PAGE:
“We love playing together,” Markus says. “We love our give-and go-plays, our passes in between sticks and feet to create those two-on-one opportunities on the ice against the defenders, but the small community here [in Osoyoos] gives us lots of ice time and that support is always there.”

“We support each other a lot out there,” Liam adds. “Markus makes my job as a goal scorer a lot easier when he sets me up, so we definitely get a lot of good chances out there together. Our parents spend countless hours supporting us as well, and the all-around support from them and the community, it makes our lives easier to focus on hockey.”

It’s not only on the ice where the family connection is strong. Away from the rink, hockey has become an activity that has brought the Ruck family together on numerous occasions.

From the competitive mini-stick battles with their younger brother Landon, to family vacations scheduled around hockey, the sport has brought the whole family together. It’s something that the brothers’ parents, Nina and Derek, are thankful for.

“We’ve got to go all over Canada and the United States as a family,” Nina says. “We’ve had so many great memories with hockey and people sometimes ask if we even do family vacations, and I tell them ‘Of course,’ whether it’s to The Brick tournament or to Montreal for Meltdown, its some of the best memories of our lives so far together.”

The Youth Olympics will be a proud moment for family and friends, who will be cheering them on from Osoyoos.

“Kids in Osoyoos look up to them as leaders,” Liebel says, thinking about how emotional it will be to see the twins take the ice in Gangwon. “It’s a small town here and the kids see what Markus and Liam are doing on the ice and their level of commitment to hockey; they are the perfect types of people for kids in the community to look up to.”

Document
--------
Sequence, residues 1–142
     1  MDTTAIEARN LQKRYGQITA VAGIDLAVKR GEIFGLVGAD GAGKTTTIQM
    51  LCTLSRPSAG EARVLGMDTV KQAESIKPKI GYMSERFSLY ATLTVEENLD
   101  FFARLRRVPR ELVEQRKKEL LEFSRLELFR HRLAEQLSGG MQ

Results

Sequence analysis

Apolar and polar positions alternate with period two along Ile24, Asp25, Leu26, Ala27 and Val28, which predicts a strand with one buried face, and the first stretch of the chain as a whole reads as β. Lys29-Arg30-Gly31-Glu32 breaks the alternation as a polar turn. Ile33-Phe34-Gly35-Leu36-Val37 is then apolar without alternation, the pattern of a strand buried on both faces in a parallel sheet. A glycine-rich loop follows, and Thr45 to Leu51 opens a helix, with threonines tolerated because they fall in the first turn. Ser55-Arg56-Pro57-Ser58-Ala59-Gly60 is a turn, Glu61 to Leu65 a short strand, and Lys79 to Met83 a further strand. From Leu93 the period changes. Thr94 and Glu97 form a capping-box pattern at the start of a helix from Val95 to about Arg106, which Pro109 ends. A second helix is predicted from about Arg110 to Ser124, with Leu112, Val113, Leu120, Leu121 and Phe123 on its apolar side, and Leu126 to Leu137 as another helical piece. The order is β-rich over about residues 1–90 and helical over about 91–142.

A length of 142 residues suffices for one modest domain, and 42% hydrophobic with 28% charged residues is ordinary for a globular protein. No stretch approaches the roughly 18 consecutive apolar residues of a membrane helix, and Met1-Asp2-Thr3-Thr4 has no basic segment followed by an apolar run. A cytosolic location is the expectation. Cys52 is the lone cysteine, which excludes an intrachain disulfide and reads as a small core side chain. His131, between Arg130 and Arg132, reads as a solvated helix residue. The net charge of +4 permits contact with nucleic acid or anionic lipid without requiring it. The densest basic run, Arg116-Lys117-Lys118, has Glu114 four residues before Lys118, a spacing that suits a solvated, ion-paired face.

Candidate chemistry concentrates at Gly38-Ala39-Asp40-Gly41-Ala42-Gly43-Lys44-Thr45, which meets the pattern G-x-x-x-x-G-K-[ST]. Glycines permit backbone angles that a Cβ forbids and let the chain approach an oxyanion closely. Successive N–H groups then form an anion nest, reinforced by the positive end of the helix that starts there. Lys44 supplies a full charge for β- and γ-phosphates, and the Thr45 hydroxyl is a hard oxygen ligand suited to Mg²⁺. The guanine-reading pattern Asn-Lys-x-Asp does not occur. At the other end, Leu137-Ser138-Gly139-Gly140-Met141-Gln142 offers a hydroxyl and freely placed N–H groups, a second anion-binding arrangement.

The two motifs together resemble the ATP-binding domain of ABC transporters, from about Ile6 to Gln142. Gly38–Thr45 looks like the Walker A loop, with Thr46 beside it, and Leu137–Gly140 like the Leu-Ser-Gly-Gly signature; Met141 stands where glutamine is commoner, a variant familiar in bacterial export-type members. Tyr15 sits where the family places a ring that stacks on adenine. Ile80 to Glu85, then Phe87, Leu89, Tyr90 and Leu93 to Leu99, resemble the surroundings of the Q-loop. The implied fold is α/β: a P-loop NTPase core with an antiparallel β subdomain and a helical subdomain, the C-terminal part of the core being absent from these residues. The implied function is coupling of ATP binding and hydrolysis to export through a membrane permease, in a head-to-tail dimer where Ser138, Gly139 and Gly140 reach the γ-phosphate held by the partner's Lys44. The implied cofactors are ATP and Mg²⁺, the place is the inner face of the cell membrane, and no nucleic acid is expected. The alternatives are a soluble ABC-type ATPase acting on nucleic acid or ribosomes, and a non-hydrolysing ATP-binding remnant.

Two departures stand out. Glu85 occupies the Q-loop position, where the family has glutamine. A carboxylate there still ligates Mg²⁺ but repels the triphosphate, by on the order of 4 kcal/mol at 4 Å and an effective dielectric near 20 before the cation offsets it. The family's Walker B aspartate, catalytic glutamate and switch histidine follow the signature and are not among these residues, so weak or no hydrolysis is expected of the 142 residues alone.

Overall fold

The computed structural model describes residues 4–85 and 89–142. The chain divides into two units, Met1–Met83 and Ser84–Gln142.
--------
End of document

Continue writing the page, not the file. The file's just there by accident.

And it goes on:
International success runs in the family

When Markus and Liam hit the ice for Canada’s preliminary-round opener against the host Koreans on Jan. 27, it won’t be the first time a member of the Ruck family competes with the Maple Leaf on their chest. Their father played three years in the WHL with the Lethbridge Hurricanes (1998-2001) before winning the Allan Cup in 2007 as a member of the Powell River Regals, a year before the twins were born. The Regals were invited to represent Canada’s National Men’s Team at the Belarus Cup and Derek skated in three games for Canada.

And then there’s their second cousin, Taylor Ruck. She is a four-time Olympic medallist (a silver and three bronze) in the swimming pool, representing Canada at the 2016 and 2020 Summer Games, and tied a Commonwealth Games record with eight medals (one gold, five silver, two bronze) at the 2018 Games in Australia.

With all that success in the family, the twins hope to continue to represent the Ruck name with pride on the international stage.

“We’ve both dreamed of putting on that jersey,” Liam says. “A lot of Canadian kids have that dream, and to have the opportunity to do that is really exciting for us and the family."

“Ever since watching the World Juniors and the Olympics, we always dreamed to be in their positions and in their shoes,” Markus adds. “We have the opportunity now, it’s going to be unbelievable.”

For more information:

Esther Madziya
Manager, Communications
Hockey Canada

(403) 284-6484 

emadziya@hockeycanada.ca 

Spencer Sharkey
Manager, Communications
Hockey Canada

(403) 777-4567

ssharkey@hockeycanada.ca

Jeremy Knight
Manager, Corporate Communications
Hockey Canada

(647) 251-9738

jknight@hockeycanada.ca